Screen Stories

A Master Class in DIY Resourcefulness

I’m not a fan of splatter and squelch horror movies, but one doesn’t have to be in order to be captivated by the story of the making of the appropriately named cult classic, Bad Taste, a Monthy Python-meets-Hammer Studios mash-up produced, written and directed in the mid-1980s by a young New Zealand filmmaker named Peter Jackson. The particular account I have in mind is the one found in Brian Sibley’s engaging book, Peter Jackson: A Film-Maker’s Journey (HarperCollins UK, 2006), which follows Jackson’s career from the Super 8 movies he shot as a boy through the making of the magnificent Lord of the Rings trilogy up to the re-make of King Kong.

Jackson started making Bad Taste in his early 20s, filming on weekends while employed as a photoengraver at a local newspaper in Wellington. He started shooting the film on a16 mm camera (a big step up from Super 8) that his parents had to help him buy. There was no script and the cast was made up of just Jackson himself and his buddies–more than one of whom moved away and came back again to act in the film during the several years it took Jackson to get it finished. The ebook I have has lots of photographs from the shoot: of Jackson filming with his homemade dollies, rigs, and steadicams; of Jackson at work in the home special effects shop that he and his father built at the family home in Pukerua Bay (all the special effects in Bad Taste were made by Jackson himself); of Jackson and his buds having the time of their lives hamming it up on their seat-of-your-pants adventure–which started as a ten-minute short and ballooned into a feature film.

What impresses me most in reading this account of the making of Bad Taste is how resourceful Jackson was in simply–and very creatively–making do with whatever equipment, materials, and personnel were at hand. His ideas for his first film were big ones, and I suppose it isn’t too surprising that the director who made the Lord of the Rings as a special effects extravaganza wasn’t going to settle for a story involving a boy and a girl in a quiet restaurant. Bad Taste has aliens, zombies, prosthetics, scale models–just about everything in a filmmaker’s toolbox (except a script!). Jackson never seemed to worry much that he didn’t have big studio resources. He simply plunged ahead with whatever he had, and what he didn’t have he taught himself how to make.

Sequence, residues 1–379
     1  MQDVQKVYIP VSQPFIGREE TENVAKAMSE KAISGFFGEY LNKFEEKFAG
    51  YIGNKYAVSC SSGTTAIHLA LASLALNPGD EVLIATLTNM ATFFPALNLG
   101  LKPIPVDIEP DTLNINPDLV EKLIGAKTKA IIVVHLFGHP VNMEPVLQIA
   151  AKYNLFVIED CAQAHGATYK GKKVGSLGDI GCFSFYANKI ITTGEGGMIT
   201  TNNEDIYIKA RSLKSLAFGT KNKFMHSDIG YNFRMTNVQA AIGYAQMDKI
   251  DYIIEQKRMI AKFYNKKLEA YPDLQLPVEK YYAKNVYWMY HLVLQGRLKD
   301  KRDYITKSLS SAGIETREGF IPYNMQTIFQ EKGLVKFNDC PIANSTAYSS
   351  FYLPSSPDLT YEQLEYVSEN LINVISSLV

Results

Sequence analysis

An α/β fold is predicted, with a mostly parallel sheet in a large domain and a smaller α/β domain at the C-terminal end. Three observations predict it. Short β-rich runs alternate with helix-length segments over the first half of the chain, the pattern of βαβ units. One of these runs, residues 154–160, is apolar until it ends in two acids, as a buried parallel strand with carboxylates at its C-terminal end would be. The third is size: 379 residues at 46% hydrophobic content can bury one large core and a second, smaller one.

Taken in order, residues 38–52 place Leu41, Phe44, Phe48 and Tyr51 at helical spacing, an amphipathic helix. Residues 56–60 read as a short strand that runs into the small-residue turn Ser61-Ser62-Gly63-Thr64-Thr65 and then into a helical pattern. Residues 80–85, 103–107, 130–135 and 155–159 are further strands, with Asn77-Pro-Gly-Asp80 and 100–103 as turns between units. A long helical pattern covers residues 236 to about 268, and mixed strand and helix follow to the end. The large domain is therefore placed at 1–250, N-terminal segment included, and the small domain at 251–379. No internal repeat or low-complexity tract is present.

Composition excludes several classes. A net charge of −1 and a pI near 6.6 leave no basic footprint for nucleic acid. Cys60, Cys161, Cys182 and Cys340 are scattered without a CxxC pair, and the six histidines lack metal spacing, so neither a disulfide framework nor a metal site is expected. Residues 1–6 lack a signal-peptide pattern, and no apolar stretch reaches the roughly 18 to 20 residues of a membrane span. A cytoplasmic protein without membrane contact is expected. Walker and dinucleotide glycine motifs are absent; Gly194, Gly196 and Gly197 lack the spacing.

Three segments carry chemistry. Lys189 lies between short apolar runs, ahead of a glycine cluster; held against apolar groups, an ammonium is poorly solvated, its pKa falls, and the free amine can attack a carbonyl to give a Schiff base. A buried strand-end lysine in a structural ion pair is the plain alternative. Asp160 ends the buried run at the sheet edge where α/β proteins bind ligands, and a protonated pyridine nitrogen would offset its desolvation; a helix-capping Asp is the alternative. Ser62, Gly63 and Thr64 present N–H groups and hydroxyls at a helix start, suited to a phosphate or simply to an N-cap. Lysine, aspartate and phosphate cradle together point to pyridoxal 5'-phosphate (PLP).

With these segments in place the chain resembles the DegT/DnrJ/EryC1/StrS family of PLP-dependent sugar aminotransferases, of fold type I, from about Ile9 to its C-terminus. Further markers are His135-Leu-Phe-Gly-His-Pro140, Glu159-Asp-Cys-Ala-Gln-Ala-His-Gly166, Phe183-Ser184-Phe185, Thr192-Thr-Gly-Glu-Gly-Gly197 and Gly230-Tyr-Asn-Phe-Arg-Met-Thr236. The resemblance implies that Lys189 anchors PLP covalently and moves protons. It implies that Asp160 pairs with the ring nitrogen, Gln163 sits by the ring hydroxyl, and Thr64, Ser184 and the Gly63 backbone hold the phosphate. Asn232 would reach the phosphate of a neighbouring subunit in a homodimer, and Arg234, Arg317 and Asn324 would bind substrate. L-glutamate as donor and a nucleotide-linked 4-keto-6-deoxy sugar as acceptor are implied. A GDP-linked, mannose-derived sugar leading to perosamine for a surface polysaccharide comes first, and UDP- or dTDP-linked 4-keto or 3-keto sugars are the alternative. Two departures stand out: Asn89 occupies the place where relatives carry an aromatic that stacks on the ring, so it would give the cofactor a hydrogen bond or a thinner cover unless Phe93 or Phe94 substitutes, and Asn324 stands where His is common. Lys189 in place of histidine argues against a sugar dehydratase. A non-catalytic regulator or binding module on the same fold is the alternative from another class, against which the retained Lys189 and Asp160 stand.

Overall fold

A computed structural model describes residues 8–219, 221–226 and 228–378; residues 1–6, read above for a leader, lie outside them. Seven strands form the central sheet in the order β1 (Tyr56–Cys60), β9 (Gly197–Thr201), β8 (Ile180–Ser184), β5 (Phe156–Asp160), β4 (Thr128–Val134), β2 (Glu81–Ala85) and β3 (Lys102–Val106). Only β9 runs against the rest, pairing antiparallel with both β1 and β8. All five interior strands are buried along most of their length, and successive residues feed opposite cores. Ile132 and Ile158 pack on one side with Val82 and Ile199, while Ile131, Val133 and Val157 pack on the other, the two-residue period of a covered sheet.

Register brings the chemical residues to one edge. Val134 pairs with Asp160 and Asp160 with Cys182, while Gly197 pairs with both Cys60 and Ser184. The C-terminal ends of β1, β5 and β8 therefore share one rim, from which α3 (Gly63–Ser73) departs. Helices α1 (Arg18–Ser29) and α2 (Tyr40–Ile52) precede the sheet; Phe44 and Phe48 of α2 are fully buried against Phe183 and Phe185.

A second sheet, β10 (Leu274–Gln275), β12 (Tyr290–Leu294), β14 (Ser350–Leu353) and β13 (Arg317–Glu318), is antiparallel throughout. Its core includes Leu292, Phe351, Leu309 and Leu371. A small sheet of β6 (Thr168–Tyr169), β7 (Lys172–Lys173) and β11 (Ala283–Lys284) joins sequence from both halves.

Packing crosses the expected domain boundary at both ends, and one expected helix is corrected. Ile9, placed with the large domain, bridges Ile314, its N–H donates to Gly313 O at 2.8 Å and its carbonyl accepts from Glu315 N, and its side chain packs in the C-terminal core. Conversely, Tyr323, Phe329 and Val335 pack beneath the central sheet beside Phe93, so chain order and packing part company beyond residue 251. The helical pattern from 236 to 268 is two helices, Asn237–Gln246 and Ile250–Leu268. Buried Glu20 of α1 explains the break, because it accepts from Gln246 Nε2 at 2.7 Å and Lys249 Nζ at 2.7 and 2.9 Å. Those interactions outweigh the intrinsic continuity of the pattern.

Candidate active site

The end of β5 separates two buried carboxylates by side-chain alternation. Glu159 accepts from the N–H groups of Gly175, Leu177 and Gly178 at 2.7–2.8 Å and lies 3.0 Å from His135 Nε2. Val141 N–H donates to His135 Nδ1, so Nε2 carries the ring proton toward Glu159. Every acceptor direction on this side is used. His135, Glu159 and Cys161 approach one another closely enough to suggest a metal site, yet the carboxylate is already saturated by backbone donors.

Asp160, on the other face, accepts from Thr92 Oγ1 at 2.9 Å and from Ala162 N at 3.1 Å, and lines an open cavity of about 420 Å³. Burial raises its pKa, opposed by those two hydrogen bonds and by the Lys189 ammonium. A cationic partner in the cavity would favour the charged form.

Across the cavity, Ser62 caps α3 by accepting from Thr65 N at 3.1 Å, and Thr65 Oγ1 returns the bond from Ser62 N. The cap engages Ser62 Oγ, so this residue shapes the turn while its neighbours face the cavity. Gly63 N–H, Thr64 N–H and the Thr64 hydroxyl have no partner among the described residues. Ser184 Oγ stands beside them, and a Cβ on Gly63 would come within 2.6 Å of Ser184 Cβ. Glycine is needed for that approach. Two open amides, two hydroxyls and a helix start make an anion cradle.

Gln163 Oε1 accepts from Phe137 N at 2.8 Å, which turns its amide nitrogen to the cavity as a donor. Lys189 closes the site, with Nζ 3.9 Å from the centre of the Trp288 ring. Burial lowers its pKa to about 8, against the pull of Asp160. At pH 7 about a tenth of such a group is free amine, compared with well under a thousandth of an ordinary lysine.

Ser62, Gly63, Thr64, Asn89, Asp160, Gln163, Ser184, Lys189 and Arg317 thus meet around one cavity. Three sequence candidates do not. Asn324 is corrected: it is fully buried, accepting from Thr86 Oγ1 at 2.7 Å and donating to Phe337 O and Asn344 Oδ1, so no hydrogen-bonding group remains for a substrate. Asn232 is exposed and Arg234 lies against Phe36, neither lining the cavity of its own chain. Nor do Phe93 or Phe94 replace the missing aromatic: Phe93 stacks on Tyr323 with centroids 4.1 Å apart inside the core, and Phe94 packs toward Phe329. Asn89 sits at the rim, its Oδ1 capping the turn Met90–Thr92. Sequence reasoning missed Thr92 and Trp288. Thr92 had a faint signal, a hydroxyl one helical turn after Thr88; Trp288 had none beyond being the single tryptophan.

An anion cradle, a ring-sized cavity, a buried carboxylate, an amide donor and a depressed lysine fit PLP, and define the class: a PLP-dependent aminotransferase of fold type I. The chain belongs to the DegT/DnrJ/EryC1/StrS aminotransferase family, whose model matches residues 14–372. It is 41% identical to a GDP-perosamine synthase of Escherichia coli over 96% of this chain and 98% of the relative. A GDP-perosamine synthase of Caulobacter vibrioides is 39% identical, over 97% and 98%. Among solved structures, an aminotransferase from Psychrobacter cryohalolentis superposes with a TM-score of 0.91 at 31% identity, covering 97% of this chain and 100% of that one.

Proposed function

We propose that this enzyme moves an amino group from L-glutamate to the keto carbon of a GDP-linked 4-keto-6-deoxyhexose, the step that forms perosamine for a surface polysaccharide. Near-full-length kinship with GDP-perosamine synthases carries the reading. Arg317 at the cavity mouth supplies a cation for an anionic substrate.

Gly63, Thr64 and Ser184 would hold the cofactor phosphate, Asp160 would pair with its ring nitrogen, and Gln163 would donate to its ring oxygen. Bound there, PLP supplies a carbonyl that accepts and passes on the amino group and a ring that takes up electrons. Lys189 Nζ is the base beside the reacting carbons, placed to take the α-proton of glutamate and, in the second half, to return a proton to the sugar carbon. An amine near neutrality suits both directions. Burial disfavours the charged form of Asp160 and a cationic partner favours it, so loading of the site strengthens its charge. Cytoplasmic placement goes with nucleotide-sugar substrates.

Eventually, after an initial rejection, Jackson earned for his project some support from the New Zealand Film Commission, just enough to enable him to quit his day job and enjoy some uninterrupted months in which to finish his film. One of the most interesting parts of the story of Bad Taste is the persistence Jackson showed after the initial rejection from the Commission. His letters to the director reveal a humble and self-effacing young man, yet nonetheless one supremely confident in the vision of his film and adamant in making the case for its aesthetic and market value (the Commission only funded projects on which it could expect a return). In viewing the progress of Bad Taste over the years, the Commission finally came to recognize Jackson’s very raw and anarchic but unquestionable talent.

So there was never any film school for Peter Jackson. There was simply a devotion to his craft and a willingness to do everything himself if that’s what it took to make his dream a reality. The making of Bad Taste, whatever the artistic merits of the film (and there may not be many), is a master class in DIY resourcefulness. I’m still on the Bad Taste section of the book, but I don’t expect to read anything more inspiring than what I’ve read so far.

Do you have any DIY stories that have inspired you?

Oh–in case you aren’t aware, Jackson has been making a series of video blogs during the filming of The Hobbit, which just wrapped up principal photography in New Zealand (scroll down the official Hobbit website to find them–Production Video #7 is my favorite). The video blogs are an awful lot of fun to watch–and especially amazing when you keep in mind that the Oscar-winning director of The Hobbit got started with a 16 mm camera running around his hometown with his friends.


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